Teachers at Riverpoint Academy in the Mead School District are eagerly awaiting the arrival of an industrial grade 3D printing machine paid for by a $23,860 grant from the Hagan Foundation.
The foundation is named after Dr. Cornelius Hagan, a Spokane ear, nose and throat specialist who practiced medicine in Spokane for more than three decades. He established the Hagan Foundation to support educational initiatives in 1997.
The Riverpoint Academy is a project-based STEM school in an old motorcycle showroom at 11008 N. Newport Highway. The school is divided into two large rooms separated by a science lab. Teachers work in teams and meet with students individually and in small groups to discuss ongoing projects.
The school has been given a lot of support from the Hagan Foundation, said inventioneering teacher Gunnar Drew. The foundation has given the school more than $100,000 in grants in the last six years that have been used to pay for specialized equipment.
“None of this is possible without Hagan,” Drew said. “I don’t know if this school would exist without their generosity.”
Much of the school’s existing equipment was purchased with Hagan grants, said inventioneering teacher Jennifer Boyd. “We apply for a Hagan Foundation (grant) every year,” she said.
The school already has a computer numerical control machine and a laser cutter in its maker space. It has four 3D printers, but none of them work. One is waiting for a part to arrive from Italy, two are being used for parts and another works sometimes but is impractical to use, Boyd said.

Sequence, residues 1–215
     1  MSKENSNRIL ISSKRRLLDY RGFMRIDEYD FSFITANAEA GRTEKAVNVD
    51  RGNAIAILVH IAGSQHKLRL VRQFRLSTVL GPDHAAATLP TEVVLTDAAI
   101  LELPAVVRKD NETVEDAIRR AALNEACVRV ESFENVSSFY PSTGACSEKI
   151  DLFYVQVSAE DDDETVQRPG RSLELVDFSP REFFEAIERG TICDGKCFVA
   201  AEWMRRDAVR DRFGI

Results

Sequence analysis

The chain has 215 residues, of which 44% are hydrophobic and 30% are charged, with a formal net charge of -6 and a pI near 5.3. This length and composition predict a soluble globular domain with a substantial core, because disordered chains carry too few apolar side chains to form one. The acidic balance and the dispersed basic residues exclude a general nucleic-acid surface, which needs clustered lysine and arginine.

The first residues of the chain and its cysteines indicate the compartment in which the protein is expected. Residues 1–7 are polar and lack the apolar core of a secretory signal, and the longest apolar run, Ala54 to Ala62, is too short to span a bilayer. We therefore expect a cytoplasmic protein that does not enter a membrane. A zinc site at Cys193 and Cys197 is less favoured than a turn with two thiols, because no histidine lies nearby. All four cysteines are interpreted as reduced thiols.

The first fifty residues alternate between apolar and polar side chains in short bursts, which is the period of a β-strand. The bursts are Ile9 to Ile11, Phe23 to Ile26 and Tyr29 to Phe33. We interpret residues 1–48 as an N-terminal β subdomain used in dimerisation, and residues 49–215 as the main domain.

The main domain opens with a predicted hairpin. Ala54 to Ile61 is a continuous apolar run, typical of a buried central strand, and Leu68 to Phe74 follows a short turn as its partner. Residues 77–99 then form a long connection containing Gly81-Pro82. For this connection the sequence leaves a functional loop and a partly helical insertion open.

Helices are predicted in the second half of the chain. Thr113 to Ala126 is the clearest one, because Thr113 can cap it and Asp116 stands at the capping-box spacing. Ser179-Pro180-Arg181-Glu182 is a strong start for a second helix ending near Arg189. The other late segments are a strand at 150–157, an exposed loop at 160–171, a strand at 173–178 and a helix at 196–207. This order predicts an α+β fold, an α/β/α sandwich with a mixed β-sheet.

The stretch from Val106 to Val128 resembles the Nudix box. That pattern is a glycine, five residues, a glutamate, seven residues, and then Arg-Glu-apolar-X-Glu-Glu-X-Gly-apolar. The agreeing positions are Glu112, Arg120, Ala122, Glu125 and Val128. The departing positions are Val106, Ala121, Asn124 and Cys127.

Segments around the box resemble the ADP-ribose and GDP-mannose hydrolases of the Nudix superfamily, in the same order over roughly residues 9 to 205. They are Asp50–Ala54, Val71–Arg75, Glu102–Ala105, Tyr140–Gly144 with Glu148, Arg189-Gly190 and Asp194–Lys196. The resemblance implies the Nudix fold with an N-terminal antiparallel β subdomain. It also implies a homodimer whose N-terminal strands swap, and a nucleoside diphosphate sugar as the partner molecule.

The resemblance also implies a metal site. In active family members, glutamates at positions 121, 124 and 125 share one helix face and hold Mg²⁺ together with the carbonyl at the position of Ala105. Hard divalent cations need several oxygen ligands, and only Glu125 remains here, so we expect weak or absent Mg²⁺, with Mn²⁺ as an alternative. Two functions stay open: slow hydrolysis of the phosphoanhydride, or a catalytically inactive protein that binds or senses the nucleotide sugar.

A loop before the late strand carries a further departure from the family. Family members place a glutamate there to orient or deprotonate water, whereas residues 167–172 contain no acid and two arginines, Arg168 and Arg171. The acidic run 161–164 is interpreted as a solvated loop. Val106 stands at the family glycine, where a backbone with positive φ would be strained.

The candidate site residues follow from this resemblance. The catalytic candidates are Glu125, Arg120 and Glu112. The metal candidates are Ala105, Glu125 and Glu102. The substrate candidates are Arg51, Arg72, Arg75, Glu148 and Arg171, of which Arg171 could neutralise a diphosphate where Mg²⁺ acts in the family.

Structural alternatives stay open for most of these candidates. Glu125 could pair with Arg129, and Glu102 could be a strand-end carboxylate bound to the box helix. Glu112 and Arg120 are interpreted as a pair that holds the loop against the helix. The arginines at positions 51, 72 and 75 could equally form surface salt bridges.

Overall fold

“Our 3D printers are all consumer grade and it’s just not the quality of our other equipment,” she said. “We do spend a lot of time looking for parts and the kids repair them, but it’s really labor intensive.”
The machines break often despite their best efforts, Drew said. “They’re delicate machines,” he said. “You have to have one to be a maker space, it’s almost in the rule book.”
The software on the new machine will be similar to the software on the old ones, but there will still be a learning curve when the students adjust to the new machine, Drew said.
Students at the school have a lot of freedom to choose their projects, but they have been limited by the balky 3D printers. Students making models were limited to very small models if the machines were working. Last semester a student wanted to make a prosthetic hand, but the school’s machines weren’t up to the task.
“Those are the kind of authentic projects we try to provide for our kids,” Boyd said.
The Stratasys F170 printer on order is known for its reliability and it even has a rapid print button if students don’t need fine details in their model, Boyd said. “There’s no such thing as a rapid consumer 3D print,” she said. “This will be adequate to what we want the kids to do.”
Drew said the new 3D printer could also help breathe new life into the old 3D printers by making replacement parts for them.
The two inventioneering teachers see the potential the 3D printer could bring to all the school’s classes, not just their own, including science and business. It could even be used by the coding class, which is working on designing airplanes and rockets.
“It will be used across the school,” Boyd said.
Subscribe to the Morning Review newsletter
Get the day’s top headlines delivered to your inbox every morning by subscribing to our newsletter.